The invention encompasses the concept that the loading of molecular sieve adsorbents (especially zeolite desiccants) in an organic matrix can be increased from loadings possible with commercial molecular sieves conventionally used for desiccant applications. This result is made possible by the use of molecular sieves which contain a substantial amount of single and/or twinned crystal particles compared to molecular sieves normally used in desiccant applications.
The nature of most crystalline molecular sieve particles which are commercially available for desiccant applications is that a large portion (if not all) of the particles are polycrystalline particles wherein the crystals are intergrown. In comparison, the crystalline molecular sieves used in the invention comprise a substantial portion of single crystal and/or twinned crystal particles. Preferably, the crystalline molecular sieve component used in the invention compositions contains at least about 50% of single and/or twinned crystal particles. Most preferably, the crystalline molecular sieve component used in the invention compositions consists essentially of single and/or twinned crystal particles.
While the degree of single and/or twinned crystal character of molecular sieve particles can be determined by microscopic techniques, a "wetting" test has been developed to distinguish crystalline molecular sieves which have suitable single and/or twinned crystal morphology. In the wetting test, a 10 gram sample of crystalline molecular sieve powder (activated at 315° C. for 2 hours) is placed into a ceramic mortar. Water is then added dropwise to the powder while mixing the powder with a pestle. The water addition and mixing is continued until a rather distinct thixotropic endpoint is reached at which a slight shear applied to the damp powder (achieved by slowly turning the pestle on the surface of the powder) results in fluid flow of the mixture. The wetting test value is the mass of water (grams) required to reach the thixotropic endpoint. Wetting test values less than about 8.5 correspond to molecular sieves having mostly single and/or twinned crystal particles whereas values of 9 or more correspond to molecular sieves containing mostly intergrown polycrystalline particles.
The amount of the molecular sieve adsorbent incorporated into the organic matrix can vary depending on the desired desiccating capacity, the rheological properties of the specific organic matrix and the intended end application. For most conventional organic resins, a loading of about 35-65 wt.% activated crystalline molecular sieve is preferred. More preferably, the loading is about 40-60 wt.%.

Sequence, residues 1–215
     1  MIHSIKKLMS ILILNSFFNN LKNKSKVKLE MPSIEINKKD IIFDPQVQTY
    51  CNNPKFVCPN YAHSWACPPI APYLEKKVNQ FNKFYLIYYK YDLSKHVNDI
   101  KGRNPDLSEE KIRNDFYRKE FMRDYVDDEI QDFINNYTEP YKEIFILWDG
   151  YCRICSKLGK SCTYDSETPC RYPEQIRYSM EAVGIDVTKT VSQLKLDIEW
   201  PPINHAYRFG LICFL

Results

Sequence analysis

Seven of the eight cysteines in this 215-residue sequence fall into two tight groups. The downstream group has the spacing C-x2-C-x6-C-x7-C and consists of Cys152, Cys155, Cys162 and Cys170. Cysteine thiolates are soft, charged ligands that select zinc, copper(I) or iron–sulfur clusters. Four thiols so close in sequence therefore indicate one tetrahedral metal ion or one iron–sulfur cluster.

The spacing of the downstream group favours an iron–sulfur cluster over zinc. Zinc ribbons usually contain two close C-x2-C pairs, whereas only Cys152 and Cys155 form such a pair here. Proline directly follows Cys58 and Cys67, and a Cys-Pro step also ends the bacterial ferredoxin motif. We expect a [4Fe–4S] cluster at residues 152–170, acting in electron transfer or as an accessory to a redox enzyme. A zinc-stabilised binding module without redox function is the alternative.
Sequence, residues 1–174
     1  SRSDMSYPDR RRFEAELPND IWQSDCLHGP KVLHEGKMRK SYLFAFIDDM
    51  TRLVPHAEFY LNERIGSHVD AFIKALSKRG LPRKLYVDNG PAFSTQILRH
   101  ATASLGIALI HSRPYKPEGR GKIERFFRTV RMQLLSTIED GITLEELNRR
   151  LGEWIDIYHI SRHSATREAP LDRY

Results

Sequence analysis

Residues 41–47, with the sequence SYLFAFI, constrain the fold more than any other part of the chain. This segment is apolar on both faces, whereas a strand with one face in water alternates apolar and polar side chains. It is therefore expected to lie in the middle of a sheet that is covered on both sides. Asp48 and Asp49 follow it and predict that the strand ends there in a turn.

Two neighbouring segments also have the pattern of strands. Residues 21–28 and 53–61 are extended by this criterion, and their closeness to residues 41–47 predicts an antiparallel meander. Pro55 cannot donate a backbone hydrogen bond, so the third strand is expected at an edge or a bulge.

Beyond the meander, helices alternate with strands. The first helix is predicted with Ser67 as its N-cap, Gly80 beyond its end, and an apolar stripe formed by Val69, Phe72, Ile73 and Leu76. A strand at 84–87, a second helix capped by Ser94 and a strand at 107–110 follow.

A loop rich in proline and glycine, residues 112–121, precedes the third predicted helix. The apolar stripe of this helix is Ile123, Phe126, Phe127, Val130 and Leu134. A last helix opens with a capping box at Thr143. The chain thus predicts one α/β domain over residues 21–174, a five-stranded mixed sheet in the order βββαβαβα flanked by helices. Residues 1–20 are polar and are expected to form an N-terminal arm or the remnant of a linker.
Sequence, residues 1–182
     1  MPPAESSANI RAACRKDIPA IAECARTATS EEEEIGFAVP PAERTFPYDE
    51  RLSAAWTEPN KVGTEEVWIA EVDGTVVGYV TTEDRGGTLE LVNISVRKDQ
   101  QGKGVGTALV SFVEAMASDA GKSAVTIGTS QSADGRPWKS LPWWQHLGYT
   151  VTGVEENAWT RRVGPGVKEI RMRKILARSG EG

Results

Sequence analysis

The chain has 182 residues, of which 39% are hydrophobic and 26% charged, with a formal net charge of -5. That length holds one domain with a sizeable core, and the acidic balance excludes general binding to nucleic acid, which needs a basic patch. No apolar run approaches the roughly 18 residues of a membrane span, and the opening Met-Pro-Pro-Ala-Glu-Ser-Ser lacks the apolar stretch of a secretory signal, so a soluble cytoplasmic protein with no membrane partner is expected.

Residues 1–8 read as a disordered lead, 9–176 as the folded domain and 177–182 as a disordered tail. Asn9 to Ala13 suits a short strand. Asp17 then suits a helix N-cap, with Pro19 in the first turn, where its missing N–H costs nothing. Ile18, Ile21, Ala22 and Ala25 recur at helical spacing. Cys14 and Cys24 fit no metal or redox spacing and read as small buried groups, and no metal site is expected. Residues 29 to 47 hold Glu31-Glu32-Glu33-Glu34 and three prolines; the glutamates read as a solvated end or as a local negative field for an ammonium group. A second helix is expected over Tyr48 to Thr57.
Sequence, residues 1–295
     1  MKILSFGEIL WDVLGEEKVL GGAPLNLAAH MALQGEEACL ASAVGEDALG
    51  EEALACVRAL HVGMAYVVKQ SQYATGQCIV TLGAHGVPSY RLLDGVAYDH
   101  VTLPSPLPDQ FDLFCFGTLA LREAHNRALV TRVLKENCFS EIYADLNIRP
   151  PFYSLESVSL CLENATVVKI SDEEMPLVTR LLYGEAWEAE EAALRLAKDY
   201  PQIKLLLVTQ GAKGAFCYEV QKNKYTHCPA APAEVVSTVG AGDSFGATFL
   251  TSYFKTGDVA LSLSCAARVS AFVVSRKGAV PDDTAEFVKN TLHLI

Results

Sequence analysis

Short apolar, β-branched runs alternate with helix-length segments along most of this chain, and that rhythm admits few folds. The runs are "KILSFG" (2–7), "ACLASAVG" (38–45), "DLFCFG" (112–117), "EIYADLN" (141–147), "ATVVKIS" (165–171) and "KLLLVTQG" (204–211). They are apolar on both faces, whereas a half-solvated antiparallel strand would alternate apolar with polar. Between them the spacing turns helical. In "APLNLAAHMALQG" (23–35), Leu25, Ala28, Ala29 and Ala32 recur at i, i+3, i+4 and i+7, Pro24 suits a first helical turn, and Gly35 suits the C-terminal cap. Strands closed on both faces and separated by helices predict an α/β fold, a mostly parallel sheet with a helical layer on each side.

The molecular sieves useful as the single and/or twinned crystal molecular sieves in the invention are preferably zeolites. Most preferably, the molecular sieves are selected from the group consisting of zeolite A (including varieties and modifications thereof such as zeolite 3A), zeolite X (including varieties and modifications thereof such as zeolite 13X), and mixtures thereof. While zeolites A and X have been used in desiccant/adsorbent applications previously, the A and X powders used for such purposes were polycrystalline in nature and have wetting test values in excess of 9. If desired, minor amounts of amorphous molecular sieves and/or polycrystalline molecular sieves having wetting test values outside the desired range may also be employed as an admixture. Preferably, such amorphous and/or polycrystalline molecular sieves represent less than 50 wt.% of the total molecular sieve component, more preferably less than 25 wt.%, most preferably less than 10 wt. %. Where zeolite 3A is used, preferably it has a high potassium content as described in U.S. patent application Ser. No. 08/451,629, now U.S. Pat. No. 5,773,380, filed on the same date as this case.